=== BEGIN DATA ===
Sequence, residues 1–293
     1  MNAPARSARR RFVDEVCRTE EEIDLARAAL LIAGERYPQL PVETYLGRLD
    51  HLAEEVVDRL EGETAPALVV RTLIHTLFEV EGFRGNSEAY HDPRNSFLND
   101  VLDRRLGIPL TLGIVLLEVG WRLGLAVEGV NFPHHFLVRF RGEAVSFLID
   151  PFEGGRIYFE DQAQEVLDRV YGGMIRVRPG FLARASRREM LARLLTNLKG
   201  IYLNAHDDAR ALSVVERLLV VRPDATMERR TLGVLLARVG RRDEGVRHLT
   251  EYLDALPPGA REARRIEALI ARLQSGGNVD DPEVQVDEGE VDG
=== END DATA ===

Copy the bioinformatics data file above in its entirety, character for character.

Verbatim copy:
Sequence, residues 1–293
     1  MNAPARSARR RFVDEVCRTE EEIDLARAAL LIAGERYPQL PVETYLGRLD
    51  HLAEEVVDRL EGETAPALVV RTLIHTLFEV EGFRGNSEAY HDPRNSFLND
   101  VLDRRLGIPL TLGIVLLEVG WRLGLAVEGV NFPHHFLVRF RGEAVSFLID
   151  PFEGGRIYFE DQAQEVLDRV YGGMIRVRPG FLARASRREM LARLLTNLKG
   201  IYLNAHDDAR ALSVVERLLV VRPDATMERR TLGVLLARVG RRDEGVRHLT
   251  EYLDALPPGA REARRIEALI ARLQSGGNVD DPEVQVDEGE VDG